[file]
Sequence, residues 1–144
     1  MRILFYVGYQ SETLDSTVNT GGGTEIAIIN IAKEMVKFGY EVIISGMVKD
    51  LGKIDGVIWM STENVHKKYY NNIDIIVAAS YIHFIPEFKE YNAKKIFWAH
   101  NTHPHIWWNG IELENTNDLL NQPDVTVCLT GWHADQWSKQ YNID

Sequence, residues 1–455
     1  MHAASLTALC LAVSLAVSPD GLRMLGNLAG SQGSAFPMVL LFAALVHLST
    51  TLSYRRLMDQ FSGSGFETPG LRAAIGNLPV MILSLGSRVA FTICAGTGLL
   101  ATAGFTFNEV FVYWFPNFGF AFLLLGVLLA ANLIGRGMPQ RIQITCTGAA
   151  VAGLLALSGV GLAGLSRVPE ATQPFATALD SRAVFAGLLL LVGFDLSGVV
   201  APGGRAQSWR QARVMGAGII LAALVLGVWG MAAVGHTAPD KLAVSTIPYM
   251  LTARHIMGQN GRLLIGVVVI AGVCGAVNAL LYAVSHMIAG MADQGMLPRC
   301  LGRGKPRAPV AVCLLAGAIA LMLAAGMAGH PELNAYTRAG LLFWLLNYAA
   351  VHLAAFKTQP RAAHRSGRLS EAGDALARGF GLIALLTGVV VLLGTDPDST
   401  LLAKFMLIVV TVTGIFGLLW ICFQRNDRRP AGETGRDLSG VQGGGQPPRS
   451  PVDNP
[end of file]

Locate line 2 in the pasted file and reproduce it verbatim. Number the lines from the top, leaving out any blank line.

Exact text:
     1  MRILFYVGYQ SETLDSTVNT GGGTEIAIIN IAKEMVKFGY EVIISGMVKD